At this time PNC cannot predict the ultimate overall cost to or effect upon PNC from governmental, legislative or regulatory actions and private litigation or claims arising out of residential mortgage and home equity loan lending, servicing or reinsurance practices, although such actions, litigation and claims could, individually or in the aggregate, result in significant expense. See Note 20 Legal Proceedings and Note 21 Commitments and Guarantees in the Notes To Consolidated Financial Statements in Item 8 of this Report for additional information regarding federal and state governmental, legislative and regulatory inquiries and investigations and additional information regarding potential repurchase obligations relating to mortgage and home equity loans.

There is a continuing risk of incurring costs related to further remedial and related efforts required by governmental or regulatory authorities and related to repurchase requests arising out of either the foreclosure process or origination

issues. Reputational damage arising out of this industry-wide inquiry could also have an adverse effect upon our existing mortgage and home equity loan business and could reduce future business opportunities. Investors in mortgage loans and other assets that we sell are more likely to seek indemnification from us against losses or otherwise seek to have us share in such losses.

The CFPB has issued new rules for mortgage origination and mortgage servicing. Both the origination and servicing rules create new private rights of action for consumers against lenders and servicers like PNC in the event of certain violations. For additional information concerning the mortgage rules, see Supervision and Regulation in Item 1 of this Report.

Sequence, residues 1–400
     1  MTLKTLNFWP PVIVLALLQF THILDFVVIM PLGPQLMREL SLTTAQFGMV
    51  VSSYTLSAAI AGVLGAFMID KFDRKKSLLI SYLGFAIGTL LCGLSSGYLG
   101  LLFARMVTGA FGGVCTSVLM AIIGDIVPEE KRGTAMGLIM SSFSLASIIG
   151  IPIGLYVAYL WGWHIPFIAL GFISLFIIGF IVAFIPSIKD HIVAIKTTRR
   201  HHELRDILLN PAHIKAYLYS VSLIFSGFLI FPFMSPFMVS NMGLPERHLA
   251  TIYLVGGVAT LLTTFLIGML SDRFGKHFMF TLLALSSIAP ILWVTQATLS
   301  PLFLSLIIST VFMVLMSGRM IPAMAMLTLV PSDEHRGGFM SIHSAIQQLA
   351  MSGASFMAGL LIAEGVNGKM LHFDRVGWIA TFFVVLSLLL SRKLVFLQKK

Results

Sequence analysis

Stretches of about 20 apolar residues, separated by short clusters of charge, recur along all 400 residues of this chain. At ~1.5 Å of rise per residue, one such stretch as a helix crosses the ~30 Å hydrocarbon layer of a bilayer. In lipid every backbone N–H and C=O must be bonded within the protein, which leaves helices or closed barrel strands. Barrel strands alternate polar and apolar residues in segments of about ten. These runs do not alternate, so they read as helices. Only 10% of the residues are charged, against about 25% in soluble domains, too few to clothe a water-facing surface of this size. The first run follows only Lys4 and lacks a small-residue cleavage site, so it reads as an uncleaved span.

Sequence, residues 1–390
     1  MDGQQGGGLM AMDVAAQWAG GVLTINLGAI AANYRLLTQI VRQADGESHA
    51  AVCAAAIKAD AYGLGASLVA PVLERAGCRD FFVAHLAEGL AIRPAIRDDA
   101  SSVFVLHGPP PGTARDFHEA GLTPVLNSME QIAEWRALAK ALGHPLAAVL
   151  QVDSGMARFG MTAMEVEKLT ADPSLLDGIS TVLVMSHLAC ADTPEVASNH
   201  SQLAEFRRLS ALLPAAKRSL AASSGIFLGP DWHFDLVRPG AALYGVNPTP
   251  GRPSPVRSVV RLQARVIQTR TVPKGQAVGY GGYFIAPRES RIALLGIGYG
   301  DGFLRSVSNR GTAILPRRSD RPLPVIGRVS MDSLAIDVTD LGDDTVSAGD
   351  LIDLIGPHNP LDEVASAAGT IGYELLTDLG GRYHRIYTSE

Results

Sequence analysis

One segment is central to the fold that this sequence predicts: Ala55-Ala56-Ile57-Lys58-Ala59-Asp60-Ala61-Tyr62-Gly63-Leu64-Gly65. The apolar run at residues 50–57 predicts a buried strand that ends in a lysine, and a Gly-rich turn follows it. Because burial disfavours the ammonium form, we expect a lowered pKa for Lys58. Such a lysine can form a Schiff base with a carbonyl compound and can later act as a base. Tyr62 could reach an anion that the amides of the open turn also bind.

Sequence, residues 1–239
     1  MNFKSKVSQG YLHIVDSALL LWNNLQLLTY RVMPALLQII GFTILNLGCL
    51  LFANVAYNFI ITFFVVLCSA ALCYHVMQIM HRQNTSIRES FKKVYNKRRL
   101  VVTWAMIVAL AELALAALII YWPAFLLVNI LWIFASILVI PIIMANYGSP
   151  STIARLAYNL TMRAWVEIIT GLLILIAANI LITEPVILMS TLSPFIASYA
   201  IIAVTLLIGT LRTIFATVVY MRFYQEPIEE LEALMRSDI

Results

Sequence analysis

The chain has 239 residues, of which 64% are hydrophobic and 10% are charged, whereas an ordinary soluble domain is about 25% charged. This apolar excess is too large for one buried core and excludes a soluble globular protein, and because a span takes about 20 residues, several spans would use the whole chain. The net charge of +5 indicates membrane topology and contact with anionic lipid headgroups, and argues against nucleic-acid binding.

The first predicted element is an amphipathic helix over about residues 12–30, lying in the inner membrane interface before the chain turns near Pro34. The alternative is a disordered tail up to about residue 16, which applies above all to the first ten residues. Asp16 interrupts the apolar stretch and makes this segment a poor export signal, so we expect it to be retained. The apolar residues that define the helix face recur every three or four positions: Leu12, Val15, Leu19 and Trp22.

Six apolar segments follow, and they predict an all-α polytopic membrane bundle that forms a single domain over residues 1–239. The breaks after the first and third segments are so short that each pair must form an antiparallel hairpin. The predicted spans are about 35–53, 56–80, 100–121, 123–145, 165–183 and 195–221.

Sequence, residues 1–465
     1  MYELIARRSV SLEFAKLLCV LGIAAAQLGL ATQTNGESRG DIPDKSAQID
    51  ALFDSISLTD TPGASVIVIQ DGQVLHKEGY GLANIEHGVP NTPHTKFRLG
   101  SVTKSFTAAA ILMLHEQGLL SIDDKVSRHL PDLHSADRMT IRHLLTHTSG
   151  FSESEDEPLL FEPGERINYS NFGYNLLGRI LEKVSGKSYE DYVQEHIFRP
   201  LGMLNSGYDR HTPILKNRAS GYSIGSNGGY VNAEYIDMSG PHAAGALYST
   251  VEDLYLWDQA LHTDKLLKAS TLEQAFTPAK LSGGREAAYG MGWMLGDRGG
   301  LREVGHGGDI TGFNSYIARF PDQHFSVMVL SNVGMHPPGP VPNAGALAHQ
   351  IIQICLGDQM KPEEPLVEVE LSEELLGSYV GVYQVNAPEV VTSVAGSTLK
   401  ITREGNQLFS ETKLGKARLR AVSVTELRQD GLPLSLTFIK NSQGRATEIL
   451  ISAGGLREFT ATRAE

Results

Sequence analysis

Additionally, two government-sponsored enterprises (GSEs) (FHLMC and FNMA) are currently in conservatorship, with their primary regulator acting as a conservator. We cannot predict when or if the conservatorships will end or whether, as a result of legislative or regulatory action, there will be any associated changes to the structure of these GSEs or the housing finance industry more generally, including, but not limited to, changes to the relationship among these GSEs, the government and the private markets. The effects of any such reform on our business and financial results are uncertain.

Our regional concentrations make us at risk to adverse economic conditions in our primary retail banking footprint.

Our retail banking business is primarily concentrated within our retail branch network footprint. Although our other businesses are national in scope, to a lesser extent these other businesses also have a greater presence within these primary geographic markets. Thus, we are particularly vulnerable to adverse changes in economic conditions in the Mid-Atlantic, Midwest, and Southeast regions.